What Factors Affect Your Business’s Credit Score?

Few things are as important to a healthy business as its credit score. Your credit score affects everything: interest rates for loans, your ability to qualify for financing, your relationship with suppliers and the type of equipment you can get for your company.

It’s important to understand how your credit rating works and what you can do to protect it — before problems appear. Here are several factors that go into determining your business credit score and common mistakes that can hurt it.

Credit Applications

Every time you apply for some type of credit, it shows up on your credit history. There’s nothing wrong with applying for business credit; in fact, you need to have at least one type of credit to start building a positive credit score.

The trouble comes when you apply for too many lines of credit at too many different places. Shopping around is fine in terms of asking questions and seeing what the requirements and fees are, but you shouldn’t fill out an application unless you’re certain you want to take the next step.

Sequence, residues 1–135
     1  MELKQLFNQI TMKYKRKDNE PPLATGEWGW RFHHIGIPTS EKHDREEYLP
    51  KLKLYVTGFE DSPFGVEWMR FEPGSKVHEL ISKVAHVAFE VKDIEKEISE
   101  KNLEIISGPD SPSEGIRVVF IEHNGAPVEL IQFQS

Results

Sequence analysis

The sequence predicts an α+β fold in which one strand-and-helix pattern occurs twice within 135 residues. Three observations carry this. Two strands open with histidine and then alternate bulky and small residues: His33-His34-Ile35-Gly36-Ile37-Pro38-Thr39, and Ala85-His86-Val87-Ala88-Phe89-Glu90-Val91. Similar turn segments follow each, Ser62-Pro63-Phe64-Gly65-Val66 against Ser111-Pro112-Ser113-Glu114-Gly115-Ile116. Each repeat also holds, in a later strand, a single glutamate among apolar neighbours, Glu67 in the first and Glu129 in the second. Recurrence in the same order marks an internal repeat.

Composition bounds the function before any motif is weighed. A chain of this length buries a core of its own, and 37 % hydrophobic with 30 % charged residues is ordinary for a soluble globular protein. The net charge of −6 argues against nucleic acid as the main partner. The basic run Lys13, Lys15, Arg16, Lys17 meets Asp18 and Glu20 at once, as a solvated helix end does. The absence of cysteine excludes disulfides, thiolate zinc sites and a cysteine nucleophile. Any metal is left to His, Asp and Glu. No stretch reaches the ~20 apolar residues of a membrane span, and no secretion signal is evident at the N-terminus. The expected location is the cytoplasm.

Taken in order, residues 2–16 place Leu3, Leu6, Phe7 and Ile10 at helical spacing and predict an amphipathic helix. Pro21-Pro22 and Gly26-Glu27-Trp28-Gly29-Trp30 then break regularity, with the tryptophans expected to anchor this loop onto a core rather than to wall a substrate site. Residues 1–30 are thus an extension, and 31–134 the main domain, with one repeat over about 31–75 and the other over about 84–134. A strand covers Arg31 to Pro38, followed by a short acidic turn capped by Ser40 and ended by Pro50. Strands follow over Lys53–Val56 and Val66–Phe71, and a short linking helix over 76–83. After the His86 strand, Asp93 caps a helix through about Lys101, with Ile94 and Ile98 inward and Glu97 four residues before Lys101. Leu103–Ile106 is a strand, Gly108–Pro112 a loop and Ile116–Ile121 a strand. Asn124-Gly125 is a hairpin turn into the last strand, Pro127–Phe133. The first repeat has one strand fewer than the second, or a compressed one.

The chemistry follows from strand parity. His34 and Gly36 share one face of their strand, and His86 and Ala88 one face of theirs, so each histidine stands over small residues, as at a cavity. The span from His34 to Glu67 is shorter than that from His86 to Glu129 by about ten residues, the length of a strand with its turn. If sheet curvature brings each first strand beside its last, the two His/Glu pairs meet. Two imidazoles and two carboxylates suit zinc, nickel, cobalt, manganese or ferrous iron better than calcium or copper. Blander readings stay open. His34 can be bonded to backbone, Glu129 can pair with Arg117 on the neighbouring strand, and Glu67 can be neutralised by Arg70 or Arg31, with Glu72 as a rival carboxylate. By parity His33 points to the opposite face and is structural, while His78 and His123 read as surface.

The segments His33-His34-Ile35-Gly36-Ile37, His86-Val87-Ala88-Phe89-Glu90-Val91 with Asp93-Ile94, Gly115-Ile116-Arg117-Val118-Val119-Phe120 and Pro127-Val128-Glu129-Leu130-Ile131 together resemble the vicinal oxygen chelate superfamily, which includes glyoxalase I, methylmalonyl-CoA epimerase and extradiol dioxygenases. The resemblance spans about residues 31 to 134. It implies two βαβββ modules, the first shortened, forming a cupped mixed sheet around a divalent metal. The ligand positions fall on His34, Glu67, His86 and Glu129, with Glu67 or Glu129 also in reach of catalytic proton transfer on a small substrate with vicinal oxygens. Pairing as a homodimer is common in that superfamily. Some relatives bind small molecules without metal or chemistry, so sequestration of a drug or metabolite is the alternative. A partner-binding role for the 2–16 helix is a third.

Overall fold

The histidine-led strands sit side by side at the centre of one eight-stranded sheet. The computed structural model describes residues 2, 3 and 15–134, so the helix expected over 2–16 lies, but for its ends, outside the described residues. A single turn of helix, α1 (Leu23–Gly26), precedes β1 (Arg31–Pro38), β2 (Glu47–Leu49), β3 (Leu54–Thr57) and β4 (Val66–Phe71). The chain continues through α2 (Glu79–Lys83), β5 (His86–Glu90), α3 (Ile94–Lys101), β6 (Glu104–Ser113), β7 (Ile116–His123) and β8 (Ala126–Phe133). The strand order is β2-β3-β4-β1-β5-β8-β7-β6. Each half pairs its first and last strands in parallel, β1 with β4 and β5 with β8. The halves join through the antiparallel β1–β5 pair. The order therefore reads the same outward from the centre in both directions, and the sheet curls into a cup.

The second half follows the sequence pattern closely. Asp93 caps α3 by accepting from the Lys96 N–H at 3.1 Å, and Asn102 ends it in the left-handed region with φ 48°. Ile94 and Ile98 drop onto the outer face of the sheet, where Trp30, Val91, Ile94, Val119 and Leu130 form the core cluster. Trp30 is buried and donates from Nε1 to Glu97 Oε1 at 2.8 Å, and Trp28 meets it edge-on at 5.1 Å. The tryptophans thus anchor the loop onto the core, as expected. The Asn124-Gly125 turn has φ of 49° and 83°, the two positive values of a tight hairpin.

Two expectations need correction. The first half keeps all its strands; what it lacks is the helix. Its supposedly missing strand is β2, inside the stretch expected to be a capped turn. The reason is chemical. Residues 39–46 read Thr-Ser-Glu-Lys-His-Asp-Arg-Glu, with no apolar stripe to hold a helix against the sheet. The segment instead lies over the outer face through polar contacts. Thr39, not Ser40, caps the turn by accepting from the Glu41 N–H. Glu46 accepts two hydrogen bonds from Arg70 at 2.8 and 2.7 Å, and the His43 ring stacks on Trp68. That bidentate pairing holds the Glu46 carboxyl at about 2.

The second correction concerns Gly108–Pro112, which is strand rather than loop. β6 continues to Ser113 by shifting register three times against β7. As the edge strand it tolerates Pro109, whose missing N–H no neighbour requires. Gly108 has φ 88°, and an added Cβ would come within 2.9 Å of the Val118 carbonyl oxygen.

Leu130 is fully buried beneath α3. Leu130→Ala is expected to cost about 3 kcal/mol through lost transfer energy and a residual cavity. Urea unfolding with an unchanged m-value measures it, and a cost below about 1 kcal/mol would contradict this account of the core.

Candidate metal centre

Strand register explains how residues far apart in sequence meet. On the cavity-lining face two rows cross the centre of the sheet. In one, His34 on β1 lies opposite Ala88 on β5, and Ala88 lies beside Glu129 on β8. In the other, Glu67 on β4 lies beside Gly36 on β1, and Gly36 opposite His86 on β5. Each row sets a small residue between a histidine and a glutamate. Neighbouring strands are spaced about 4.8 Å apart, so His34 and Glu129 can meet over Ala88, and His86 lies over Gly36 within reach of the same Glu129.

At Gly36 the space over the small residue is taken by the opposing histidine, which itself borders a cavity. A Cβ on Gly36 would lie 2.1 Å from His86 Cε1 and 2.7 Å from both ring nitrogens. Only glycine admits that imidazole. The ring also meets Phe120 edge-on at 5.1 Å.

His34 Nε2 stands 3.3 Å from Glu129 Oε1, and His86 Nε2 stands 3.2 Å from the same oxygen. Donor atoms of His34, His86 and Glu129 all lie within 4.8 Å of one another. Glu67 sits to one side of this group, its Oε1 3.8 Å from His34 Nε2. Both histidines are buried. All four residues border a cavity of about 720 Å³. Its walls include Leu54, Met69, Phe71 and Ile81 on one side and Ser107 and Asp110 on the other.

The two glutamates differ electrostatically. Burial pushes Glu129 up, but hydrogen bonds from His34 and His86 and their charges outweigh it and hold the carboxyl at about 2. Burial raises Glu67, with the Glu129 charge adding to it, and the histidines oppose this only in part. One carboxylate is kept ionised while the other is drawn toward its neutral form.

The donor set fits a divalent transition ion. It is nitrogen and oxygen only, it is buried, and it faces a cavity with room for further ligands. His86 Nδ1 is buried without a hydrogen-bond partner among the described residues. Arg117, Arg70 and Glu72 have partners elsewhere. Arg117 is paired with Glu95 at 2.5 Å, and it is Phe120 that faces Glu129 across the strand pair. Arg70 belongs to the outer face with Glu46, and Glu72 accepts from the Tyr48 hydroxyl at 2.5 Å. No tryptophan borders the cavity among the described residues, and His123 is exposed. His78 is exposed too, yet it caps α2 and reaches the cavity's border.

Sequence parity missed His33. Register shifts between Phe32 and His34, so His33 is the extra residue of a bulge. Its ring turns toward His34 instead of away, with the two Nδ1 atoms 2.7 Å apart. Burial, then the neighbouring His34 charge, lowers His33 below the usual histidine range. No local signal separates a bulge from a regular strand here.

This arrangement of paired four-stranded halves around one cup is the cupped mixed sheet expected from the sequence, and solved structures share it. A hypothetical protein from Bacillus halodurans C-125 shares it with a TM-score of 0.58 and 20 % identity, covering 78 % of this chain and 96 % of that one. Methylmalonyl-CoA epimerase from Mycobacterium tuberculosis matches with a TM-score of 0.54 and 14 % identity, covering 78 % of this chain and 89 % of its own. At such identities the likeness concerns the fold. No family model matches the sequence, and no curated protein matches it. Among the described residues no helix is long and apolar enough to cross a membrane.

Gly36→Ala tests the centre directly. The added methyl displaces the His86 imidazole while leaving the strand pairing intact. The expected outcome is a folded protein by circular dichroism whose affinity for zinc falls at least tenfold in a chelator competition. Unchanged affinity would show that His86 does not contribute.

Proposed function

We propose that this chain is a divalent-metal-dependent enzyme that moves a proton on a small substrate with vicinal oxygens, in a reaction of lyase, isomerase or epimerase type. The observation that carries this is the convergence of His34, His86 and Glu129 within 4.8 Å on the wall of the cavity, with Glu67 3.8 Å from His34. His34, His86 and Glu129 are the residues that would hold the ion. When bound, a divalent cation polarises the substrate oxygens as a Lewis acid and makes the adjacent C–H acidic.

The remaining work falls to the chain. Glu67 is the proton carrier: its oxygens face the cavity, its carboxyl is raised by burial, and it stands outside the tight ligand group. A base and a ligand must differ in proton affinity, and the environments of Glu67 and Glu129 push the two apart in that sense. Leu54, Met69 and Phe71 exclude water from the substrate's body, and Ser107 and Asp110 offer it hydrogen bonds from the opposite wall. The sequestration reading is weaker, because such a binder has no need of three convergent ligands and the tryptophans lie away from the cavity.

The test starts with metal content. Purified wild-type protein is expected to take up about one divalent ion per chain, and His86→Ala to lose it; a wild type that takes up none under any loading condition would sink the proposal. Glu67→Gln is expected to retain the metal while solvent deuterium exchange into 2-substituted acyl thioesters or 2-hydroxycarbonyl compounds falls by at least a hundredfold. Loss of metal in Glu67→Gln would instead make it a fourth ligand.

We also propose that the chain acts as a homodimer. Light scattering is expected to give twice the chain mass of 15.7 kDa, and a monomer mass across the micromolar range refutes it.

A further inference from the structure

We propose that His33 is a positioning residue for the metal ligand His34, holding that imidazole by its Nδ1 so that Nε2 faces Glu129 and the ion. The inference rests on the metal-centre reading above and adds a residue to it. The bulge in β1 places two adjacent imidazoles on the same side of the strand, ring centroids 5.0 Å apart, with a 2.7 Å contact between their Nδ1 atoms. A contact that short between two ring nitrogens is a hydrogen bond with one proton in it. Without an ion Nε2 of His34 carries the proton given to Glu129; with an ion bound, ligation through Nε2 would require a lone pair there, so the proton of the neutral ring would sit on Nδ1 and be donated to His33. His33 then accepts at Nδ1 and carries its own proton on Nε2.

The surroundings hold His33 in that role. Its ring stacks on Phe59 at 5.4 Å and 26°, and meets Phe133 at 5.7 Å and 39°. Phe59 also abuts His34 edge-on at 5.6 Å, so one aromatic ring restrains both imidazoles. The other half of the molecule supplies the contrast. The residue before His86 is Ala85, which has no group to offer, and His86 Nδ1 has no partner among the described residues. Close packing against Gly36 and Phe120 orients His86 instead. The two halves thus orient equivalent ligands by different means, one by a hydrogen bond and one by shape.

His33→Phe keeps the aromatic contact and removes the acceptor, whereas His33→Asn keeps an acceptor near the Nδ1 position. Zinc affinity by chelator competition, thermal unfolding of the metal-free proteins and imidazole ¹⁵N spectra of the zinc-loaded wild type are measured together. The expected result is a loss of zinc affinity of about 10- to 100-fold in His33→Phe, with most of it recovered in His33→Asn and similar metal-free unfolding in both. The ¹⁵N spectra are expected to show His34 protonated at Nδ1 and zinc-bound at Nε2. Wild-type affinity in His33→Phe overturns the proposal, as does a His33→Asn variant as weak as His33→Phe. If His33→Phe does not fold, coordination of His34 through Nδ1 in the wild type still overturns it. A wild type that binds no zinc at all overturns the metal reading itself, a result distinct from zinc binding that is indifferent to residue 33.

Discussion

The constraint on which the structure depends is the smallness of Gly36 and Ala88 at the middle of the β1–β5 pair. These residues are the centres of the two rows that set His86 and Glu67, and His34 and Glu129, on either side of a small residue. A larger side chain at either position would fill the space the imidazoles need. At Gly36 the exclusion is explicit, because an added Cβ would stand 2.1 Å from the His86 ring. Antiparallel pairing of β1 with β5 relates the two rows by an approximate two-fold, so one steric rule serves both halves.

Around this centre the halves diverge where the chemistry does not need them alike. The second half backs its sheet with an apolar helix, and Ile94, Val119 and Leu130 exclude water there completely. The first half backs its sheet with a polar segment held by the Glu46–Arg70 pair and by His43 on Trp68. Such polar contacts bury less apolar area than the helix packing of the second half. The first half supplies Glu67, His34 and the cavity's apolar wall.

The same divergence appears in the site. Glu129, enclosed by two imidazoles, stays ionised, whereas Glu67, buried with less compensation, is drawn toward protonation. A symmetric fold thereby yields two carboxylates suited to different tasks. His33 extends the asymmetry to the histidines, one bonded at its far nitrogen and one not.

Having too many credit applications show up in a short period of time makes lenders think you’re desperate and that something must be going wrong with your business’s finances. This can flag your account and hurt your credit rating a lot.

Time in Business

The longer you’ve been operating successfully, the better your credit rating — if you’ve been paying your bills on time. A great business credit score is like fine wine: It only gets better with time. Do your best to pay suppliers and lenders on time above all else.

Once you’ve hit the magical number of two years in business, many doors are opened to you for financing. You can get better terms for equipment loans, real estate financing and SBA loans.

Collections and Tax Liens

If bills go unpaid so long that suppliers are forced to turn your account over to a collection agency, the effects on your business credit score are devastating. Don’t let this happen! It’s preferable to settle things with your supplier directly.

Don’t be afraid to reach out to suppliers and explain the situation. If you’ve been a longtime customer that normally pays on time, many businesses are willing to adapt to emergencies.

You may be able to explain what went wrong and why you can’t pay the full amount immediately. It’s often possible to reach an arrangement to pay back the bill in smaller amounts over time and keep the debt off your credit rating.